This question stemmed from a tweet by Boston’s Spece:

“Politics, confessionalism, identity poetics—refuse. Literary merit. That is all. #iupampo #w00t”

Celebratory in his fire is the Spece-monsta! If you don’t believe he’ll turn that flame upon you, say something. Watch the leaves and stuffing you kept about yourself to stay warm catch fire.

And then, when you’re full nude and bearing the cold of nature yourself without crutch, start again.

I start here.


Exhaustive, thorough.

Shift to synonym: severity, strictness.

I see boundaries surround the Poet. Those same dark basketball fans that were unlit on my  court.

Spece suggests rigor before society.


Take those unseeable fans, and turn them into the stones of a monastery (they serve the same function: actionless wall).

Take the poem as task. Scrub and scrub, not seeing the floor turn any lighter shade, only see it getting wet and wet again.

Others, though, they will come to that room and see the difference, the hours of grime’s festering that you’ve erased.

The gratification for the scrubber is in the next day’s soreness. The way over days and days of scrubbing one’s body becomes the essential scrubber. Technique improves; power.

Soreness, yes. And clarity.

A poem that has been scrubbed with rigor will leave these.

“One should interrogate [. . .] wherein [. . .] he (currently) deems his best work.”

Get that isht out of the parentheses.


The water that flows into your writerly stream now must be drunk to quench your need to write.

Oh, I’m going to move upstream where there is a greater flow so I might drink more.

Oh, well you are a fool—you can’t drink faster unless you practice drinking.

Access to more water means that and no more.

There is a time to move streamsites. Best if it is not of your accord that you move. Let rump becomes irate in its position. Let the pen dry up. The exterior world reflects your stagnation and waits for you to notice.

At that point, with a groan or scratch (or as we age—a moan), we move. And though the work we do is interrupted, we gain two things.

Rest and education.

Apply to poetry.

Spece puts forward the sestina, which form he may’ve drifted from.

Let’s say I arrive at the sestina streamsite.

I can’t squeeze the syllables correctly.

It looks like a form-poem (bad) and disguises its content in a gaudy costume.

It’s too obvious and mono-purposeful.

Then I write it again and again and again, scrubbing the form, knowing the floor, until my pen runs out of ink.

Then I move to another site. And at each, I gain its heights faster because of how I’ve learned the process of learning from the sestina though the form where I am now is essay, is epic or painting or sketching or speaking aloud, sweeping the garage, laying seed, making a bed.

So, I’m sorry for saying it: every process begets another until you die and become bone.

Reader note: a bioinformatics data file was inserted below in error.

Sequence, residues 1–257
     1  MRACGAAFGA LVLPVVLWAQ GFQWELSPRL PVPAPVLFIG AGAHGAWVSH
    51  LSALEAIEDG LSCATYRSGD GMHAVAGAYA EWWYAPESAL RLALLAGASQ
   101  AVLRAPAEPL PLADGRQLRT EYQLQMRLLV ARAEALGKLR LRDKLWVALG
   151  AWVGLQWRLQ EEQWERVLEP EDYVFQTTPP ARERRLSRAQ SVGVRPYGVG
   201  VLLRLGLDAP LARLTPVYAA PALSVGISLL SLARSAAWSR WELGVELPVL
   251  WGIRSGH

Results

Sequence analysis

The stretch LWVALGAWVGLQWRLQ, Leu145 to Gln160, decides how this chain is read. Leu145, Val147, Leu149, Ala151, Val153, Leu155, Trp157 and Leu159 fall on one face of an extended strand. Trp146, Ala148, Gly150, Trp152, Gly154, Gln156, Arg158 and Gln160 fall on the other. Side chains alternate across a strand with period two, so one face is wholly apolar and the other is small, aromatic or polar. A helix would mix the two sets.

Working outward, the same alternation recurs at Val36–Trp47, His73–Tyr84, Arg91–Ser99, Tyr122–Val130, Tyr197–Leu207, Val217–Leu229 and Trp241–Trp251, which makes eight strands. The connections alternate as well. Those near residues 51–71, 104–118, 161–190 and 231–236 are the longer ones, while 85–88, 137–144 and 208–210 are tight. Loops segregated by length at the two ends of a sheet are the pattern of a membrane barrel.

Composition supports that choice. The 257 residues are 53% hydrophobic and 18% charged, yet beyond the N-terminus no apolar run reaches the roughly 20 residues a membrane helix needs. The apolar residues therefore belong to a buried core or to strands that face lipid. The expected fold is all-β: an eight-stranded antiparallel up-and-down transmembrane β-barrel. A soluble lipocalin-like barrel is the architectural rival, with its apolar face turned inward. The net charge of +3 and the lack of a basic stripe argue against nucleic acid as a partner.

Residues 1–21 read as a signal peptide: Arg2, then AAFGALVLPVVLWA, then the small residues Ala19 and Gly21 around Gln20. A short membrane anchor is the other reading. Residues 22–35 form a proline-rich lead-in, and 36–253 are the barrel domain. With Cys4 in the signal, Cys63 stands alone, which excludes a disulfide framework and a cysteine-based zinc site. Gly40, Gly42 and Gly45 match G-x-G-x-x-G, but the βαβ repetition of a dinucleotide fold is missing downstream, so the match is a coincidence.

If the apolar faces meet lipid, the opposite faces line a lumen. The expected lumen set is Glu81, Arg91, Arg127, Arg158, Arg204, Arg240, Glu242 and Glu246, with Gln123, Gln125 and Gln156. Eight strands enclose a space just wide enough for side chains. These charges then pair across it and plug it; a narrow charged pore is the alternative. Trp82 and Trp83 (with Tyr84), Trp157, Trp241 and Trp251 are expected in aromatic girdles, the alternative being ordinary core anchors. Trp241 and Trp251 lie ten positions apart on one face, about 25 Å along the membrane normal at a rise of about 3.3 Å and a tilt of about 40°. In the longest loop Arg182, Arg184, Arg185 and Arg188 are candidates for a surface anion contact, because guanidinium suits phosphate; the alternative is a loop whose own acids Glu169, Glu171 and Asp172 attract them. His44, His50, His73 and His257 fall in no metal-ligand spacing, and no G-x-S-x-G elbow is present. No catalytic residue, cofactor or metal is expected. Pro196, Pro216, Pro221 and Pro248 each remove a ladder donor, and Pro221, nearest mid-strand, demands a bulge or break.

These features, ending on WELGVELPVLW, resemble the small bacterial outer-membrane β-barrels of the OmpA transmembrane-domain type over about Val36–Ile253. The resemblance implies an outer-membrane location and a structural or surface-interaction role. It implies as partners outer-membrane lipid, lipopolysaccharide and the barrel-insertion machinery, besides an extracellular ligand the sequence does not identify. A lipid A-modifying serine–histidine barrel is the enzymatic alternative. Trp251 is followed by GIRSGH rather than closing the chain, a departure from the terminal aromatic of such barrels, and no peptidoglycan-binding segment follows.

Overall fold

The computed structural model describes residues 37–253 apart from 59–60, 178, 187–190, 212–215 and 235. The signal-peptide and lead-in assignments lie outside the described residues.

The poet as bone then. Or the Poem as bone, perhaps?

I think there is something there. I’ll try to break apart my thoughts as they are Legion.

I am bone. I have set.

My use is not endless, but I am useful, very useful, in certain situations. (Prying open doors, for example).

I continue to do, as I am, again and again and again until I am worn through or break.

One person Spece mentioned in his initial draft to this question is the businessman poet.

Eventually a poet turns to the world to inquire whether it likes her work enough to pay him for it.

(Note, I do not say a poet asks the world; very often they never ask. They look to their work and say no, it is not enough, and keep their words, their title, at home.)

For those poets who do sell their work—how quickly do they reproduce their success? How quickly do they ossify (thanks, Joseph) in style, and become print-artists who do not seek expansion into newer forms? Is there something in producing the same work again that is inartistic?

Think Warhol. Duchamp. Tom Clancy.

Perhaps the danger here is in placing the poet as the matter and not the maker.

When walking Denver’s Museum of Nature and Science and staring up at the bones of our in-house Tyrannosaurus, the room reeks of its power.

Paying creedence to the Rex (as to Dickinson, G.M. Hopkins, &c), I can study him. Learn his name, know his bones.

Not seek to supplant him, no. His power is different than mine, right? Atmospheric, almost? In that just stepping into the Rex’s proximity, the room is taller and more dinosauric, so that anything I did in the room would acquire that attribute (the speech I give there is a dinosauric speech and the food I eat there is a dinosauric portabello on rye).

So how do we pay that credence? How do we stand eye-to-eye with the Rex, so as to know him and keep releasing his power (Poetry, after all) into today?

My suggestion is to not remove our bones from our body until we die. To not try to die in a museum but to live and fight and write until the wood closes over us, then the soil, then years and years of compaction and weather and erosion until someone, some digger, uncovers us, scrutinizes our bones, tries to understand how they fit together and made something he might have been had he been born when we were.

Certainly it seems to lend an accidental element to his wandering spade. But you don’t get to make yourself an Integral Poet. It requires another hand.